On Thursday, the American Civil Liberties Union of Maryland and the NAACP Legal Defense and Educational Fund filed a motion in Baltimore City Circuit Court to reopen that 1994 lawsuit. In the filing, they accuse Maryland of violating the state constitution by underfunding Baltimore City schools.

Rachel Baye

Legislators in Annapolis will have their first chance to weigh in on recommendations by the Commission on Innovation and Excellence in Education — better known as the "Kirwan Commission" — which is studying ways to improve K-12 education in Maryland. A bill reflecting many of those recommendations is to go before a Senate committee Wednesday afternoon.

Rachel Baye

Irma Pretsfelder was born in 1926 in a small village in Germany. She was 11 years old in November 1938, when the synagogue where she went to school was burned, during what is known as Kristallnacht.

“The next morning, policemen came and said to my father, ‘I have to take you into custody,’” she told the state Senate Education, Health and Environmental Affairs Committee Wednesday afternoon. “‘But why are you taking me? What have I done?’ He said, ‘I have to obey orders. I have to take you to the next town.’”

Rachel Baye

Maryland elected officials are fighting over who should decide academic calendars for public schools.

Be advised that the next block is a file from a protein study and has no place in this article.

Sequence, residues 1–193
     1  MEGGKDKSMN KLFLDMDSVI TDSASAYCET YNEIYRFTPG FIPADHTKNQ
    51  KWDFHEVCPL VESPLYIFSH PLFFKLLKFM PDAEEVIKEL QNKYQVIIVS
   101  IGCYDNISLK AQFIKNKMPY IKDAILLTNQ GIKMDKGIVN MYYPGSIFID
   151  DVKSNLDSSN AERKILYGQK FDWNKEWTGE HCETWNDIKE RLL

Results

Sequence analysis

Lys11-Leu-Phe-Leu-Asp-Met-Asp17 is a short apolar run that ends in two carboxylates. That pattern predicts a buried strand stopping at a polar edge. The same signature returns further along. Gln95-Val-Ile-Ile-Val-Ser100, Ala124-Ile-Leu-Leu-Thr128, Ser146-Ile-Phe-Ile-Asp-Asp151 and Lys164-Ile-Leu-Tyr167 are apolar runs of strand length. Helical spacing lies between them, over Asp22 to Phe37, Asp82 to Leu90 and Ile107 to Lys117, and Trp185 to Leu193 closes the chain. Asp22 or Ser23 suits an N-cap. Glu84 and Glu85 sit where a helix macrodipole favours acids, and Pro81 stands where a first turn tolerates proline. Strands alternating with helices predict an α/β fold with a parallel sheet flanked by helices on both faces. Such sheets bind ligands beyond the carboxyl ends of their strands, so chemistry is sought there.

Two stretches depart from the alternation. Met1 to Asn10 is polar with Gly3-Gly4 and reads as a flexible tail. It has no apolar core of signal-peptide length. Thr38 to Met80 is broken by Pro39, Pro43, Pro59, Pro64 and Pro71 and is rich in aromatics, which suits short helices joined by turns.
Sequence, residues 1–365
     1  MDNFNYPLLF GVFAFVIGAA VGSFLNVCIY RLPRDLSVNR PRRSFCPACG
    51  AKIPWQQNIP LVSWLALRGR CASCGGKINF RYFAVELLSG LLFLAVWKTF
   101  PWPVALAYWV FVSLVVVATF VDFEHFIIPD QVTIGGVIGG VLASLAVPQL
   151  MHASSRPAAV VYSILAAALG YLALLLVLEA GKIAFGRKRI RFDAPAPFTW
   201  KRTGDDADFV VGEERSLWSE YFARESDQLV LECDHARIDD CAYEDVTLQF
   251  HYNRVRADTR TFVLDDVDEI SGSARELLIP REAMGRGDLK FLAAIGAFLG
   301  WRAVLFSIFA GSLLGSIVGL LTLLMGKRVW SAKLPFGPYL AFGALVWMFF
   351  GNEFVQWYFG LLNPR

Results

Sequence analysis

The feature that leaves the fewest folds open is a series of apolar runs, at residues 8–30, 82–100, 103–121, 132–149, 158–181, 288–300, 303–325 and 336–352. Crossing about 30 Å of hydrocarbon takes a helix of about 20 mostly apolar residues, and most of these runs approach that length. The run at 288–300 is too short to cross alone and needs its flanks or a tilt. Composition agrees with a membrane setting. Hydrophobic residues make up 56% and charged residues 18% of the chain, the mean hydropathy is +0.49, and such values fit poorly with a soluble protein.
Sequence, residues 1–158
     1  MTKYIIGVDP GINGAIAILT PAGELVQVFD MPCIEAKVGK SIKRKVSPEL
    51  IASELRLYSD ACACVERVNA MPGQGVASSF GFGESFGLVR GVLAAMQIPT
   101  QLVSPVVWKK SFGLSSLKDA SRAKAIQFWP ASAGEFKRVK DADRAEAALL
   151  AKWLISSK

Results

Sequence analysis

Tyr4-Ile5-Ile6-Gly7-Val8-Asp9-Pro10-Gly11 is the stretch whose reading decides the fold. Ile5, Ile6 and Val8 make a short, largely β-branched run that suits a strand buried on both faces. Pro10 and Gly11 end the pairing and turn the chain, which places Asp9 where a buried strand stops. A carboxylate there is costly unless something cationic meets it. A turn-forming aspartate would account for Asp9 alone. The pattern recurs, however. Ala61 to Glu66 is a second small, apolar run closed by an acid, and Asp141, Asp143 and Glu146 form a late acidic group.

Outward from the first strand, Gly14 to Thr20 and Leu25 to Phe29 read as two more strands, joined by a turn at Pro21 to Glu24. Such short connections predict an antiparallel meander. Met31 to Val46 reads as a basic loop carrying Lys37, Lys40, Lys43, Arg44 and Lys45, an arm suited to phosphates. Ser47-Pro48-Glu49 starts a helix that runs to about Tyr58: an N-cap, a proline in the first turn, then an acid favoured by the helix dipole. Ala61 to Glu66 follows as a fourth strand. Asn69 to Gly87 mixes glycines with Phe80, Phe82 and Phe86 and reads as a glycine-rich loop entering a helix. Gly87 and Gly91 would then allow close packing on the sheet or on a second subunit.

Gov. Larry Hogan in 2016 signed an executive order requiring schools to start after Labor Day and end by June 15. He is now trying to write that change into the state code, while the Senate gave initial approval on Thursday to a bill reversing Hogan’s order.

Rachel Baye

For a second year, Gov. Larry Hogan has proposed the creation of an inspector general within the state Department of Education to investigate reports of fraud and abuse in public schools.

At a hearing before a Senate committee Wednesday, Democratic committee members questioned whether the move would accomplish anything.

Mary Rose Madden / 88.1, wypr

In 2018, hate crimes and hate incidents happened in city parks, historic main streets, and in suburban neighborhoods.

Last spring, four Howard County teen-agers were charged with hate crimes for allegedly defacing their school with racial slurs, swastikas, and more.

Now, some Maryland students, parents, teachers, and principals are pushing back with a message of diversity, understanding, and empathy.

John Lee

A new study finds it will take up to about $630 million for Baltimore County to fix overcrowding in its high schools. 

 

There are three proposals that address both crowded schools and building conditions.

 

 

Learning is for Tomorrow